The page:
Knew It All Along: In "Never Ape an Ape Man", Shaggy gets "grabbed" by a stuffed ape. When Velma tells him it's not real, he answers, "Well, I hope you don't think he had me fooled for a minute. I knew it all the time."
Not Now, We're Too Busy Crying Over You: In the episode "Scooby-Doo and a Mummy, Too", Shaggy did this over a stone statue of Scooby: "He was like a brother to me! (the real Scooby approaches him) Look, Scoob, you've been turned to stone!"
Shaggy: Yeah. But now I know how a baseball feels when it gets knocked out of the park.
Ominous Fog: Becomes a plot point in "Go Away Ghost Ship".
Only Known by Their Nickname: Fans didn't learn that Shaggy's first name was Norville until years later ([[spoiler:he has a younger named Maggie in later series, but her nickname is "Sugie").
Our Ghosts Are Different: For starters, they're all just people in costumes, but that's not to say the villains didn't get creative. Examples range from a floating white sheet to glowing blue alien with a skull head, and even a "ghost" who could actually walk through walls (by using a mirror-projected image of himself).
Painted Tunnel, Real Train: During the chase sequence in "Don't Fool With a Phantom", Shaggy and Scooby paint a fake door on the wall before fleeing the room in another direction. When the Wax Phantom catches up to where they had been he opens the fake door...and promptly crashes into (and through) the very real brick wall behind it.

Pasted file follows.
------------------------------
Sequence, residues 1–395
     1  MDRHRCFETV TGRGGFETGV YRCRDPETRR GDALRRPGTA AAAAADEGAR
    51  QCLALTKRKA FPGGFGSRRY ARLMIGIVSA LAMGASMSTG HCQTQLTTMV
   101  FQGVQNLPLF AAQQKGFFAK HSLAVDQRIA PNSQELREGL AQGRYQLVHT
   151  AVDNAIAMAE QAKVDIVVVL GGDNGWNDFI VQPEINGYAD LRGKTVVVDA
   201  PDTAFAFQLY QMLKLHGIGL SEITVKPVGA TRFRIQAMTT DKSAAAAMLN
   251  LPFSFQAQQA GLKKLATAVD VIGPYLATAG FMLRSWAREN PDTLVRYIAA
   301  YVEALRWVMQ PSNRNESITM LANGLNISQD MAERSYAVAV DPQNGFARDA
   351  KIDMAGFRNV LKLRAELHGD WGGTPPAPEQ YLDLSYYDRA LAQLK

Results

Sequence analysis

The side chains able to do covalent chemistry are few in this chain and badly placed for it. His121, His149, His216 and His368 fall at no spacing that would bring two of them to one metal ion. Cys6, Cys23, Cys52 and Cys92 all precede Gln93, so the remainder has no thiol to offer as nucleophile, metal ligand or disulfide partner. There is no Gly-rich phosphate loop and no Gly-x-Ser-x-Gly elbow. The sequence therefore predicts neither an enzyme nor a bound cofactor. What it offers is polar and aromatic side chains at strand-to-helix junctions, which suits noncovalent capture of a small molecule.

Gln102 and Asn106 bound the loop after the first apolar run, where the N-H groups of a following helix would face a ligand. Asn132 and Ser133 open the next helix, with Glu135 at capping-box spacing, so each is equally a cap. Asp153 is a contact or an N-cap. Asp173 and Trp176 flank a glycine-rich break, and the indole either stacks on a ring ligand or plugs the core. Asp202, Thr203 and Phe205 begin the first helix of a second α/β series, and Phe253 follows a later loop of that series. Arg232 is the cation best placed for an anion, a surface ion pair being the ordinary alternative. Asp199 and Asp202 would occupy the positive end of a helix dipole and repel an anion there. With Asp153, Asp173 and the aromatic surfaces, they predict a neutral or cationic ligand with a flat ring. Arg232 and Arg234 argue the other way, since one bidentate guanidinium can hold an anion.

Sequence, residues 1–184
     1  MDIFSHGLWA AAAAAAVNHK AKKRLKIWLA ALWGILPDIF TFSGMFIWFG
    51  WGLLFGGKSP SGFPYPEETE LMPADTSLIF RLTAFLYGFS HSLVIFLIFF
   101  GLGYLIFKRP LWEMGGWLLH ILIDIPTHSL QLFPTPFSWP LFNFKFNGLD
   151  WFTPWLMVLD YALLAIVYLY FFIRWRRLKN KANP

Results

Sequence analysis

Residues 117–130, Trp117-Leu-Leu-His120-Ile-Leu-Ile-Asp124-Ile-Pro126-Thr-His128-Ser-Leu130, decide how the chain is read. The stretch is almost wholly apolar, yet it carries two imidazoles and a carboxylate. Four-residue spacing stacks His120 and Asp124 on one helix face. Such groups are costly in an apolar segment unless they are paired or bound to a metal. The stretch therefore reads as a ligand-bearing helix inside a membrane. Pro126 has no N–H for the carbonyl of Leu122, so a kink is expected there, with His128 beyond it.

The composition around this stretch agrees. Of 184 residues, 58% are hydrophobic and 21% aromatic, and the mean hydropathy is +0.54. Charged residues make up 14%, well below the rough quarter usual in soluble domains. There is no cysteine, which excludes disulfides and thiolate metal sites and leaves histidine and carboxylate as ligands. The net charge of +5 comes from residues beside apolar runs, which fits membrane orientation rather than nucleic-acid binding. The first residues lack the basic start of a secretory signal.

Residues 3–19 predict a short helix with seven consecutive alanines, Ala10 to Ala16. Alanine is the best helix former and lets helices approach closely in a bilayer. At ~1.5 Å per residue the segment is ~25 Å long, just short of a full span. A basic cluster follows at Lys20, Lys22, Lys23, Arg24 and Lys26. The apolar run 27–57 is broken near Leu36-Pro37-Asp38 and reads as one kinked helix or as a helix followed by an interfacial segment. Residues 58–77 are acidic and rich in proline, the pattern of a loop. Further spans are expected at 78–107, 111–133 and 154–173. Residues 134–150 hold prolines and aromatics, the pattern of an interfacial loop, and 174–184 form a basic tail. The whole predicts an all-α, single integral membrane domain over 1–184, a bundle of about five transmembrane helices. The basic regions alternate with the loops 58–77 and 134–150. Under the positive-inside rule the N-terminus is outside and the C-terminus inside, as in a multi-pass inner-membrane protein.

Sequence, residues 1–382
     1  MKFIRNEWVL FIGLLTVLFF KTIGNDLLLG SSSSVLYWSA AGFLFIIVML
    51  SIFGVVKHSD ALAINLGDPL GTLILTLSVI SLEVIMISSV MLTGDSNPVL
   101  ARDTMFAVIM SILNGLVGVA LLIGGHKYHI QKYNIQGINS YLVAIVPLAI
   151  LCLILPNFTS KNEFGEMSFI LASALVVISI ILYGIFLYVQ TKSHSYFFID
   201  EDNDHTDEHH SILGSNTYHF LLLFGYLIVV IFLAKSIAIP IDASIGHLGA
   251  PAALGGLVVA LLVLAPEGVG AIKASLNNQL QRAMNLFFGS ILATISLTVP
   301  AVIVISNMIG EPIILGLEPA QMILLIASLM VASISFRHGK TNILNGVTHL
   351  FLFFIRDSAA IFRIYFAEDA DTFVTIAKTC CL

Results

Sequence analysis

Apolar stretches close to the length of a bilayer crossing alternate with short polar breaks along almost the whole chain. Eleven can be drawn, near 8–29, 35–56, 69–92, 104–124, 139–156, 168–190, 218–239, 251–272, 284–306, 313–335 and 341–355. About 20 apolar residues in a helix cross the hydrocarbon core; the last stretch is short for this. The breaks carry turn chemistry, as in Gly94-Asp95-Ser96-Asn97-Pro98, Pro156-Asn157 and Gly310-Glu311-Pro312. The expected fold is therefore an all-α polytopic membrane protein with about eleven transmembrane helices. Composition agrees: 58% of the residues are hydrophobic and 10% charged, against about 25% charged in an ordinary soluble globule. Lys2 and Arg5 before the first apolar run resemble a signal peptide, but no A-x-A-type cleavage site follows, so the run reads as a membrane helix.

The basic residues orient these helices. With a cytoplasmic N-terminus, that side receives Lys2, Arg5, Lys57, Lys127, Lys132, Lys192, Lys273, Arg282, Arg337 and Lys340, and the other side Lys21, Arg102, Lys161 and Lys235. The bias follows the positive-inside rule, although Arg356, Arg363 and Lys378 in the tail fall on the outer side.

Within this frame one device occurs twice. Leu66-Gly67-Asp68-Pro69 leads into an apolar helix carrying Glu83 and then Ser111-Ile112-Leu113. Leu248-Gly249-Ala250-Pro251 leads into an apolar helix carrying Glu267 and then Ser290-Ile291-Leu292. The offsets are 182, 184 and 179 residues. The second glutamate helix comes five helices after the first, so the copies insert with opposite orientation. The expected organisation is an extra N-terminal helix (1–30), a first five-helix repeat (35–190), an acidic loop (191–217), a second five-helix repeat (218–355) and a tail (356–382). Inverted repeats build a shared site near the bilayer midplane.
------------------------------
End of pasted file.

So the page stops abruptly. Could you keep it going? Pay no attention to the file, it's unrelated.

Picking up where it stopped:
Panty Shot: Velma in "Decoy For A Dognapper." She and Shaggy flail their arms and legs warding off a flock of bats; Velma kicks her skirt up high enough to show panties the same color as her skirt.
Pintsized Powerhouse: Velma. She's the shortest but can lift all the other members of the group at once.
The Summation: Every time the monster is revealed to be fake, the gang explains why the masked man went through all the trouble he did, how he did it and how the gang managed to piece the clues together.
Toon Physics: Applied several times, sometimes characters (usually Shaggy and Scooby) could do things like hang from ceilings by jackhammers or leave things suspended in midair.
The Walls Are Closing In: In "A Night of Fright is No Delight", the gang gets trapped between the encroaching walls of the room they're in. Only Scooby "playing" the piano saved them.
Wax Museum Morgue: The last episode of the series "Don't Fool With a Phantom" takes place in one, although given that this is Scooby-Doo there are no actual dead bodies.
Witch Doctor: Two prominent examples as both are featured in the theme songs of their respective seasons. Firstly, the Navajo inspired witch doctor from "Decoy for a Dognapper" and the Hawaiian inspired one from "A Tiki Scare is No Fair" with the latter being a more iconic example.
Wolfman: In the episode "Who's Afraid of the Big Bad Werewolf?". One also makes an appearance in "A Gaggle of Galloping Ghosts".
Worthless Treasure Twist: in "A Night of Fright is No Delight", Scooby alone of all the potential heirs manages to stay the night in the "haunted" castle. Unfortunately, the million dollars that are legally his are all Confederate.
You Just Had to Say It: Of the "original speaker" variant, in "Who's Afraid of the Big Bad Werewolf?" Shaggy comments, "I wish I knew how Mr. Hairy fits into all this." When Fred answers that they'll figure it out, Shaggy groans, "Oh, why don't I just keep quiet?"